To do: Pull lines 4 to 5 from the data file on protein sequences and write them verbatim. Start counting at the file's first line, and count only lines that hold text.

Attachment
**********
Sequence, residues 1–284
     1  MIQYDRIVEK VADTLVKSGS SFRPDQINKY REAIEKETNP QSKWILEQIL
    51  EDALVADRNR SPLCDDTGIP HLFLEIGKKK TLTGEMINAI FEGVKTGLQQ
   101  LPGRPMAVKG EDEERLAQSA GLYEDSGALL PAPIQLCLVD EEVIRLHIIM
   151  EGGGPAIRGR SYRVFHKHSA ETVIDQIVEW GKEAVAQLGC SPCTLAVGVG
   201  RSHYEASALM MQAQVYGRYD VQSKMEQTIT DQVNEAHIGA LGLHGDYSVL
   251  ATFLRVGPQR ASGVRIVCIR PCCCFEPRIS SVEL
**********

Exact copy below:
   101  LPGRPMAVKG EDEERLAQSA GLYEDSGALL PAPIQLCLVD EEVIRLHIIM
   151  EGGGPAIRGR SYRVFHKHSA ETVIDQIVEW GKEAVAQLGC SPCTLAVGVG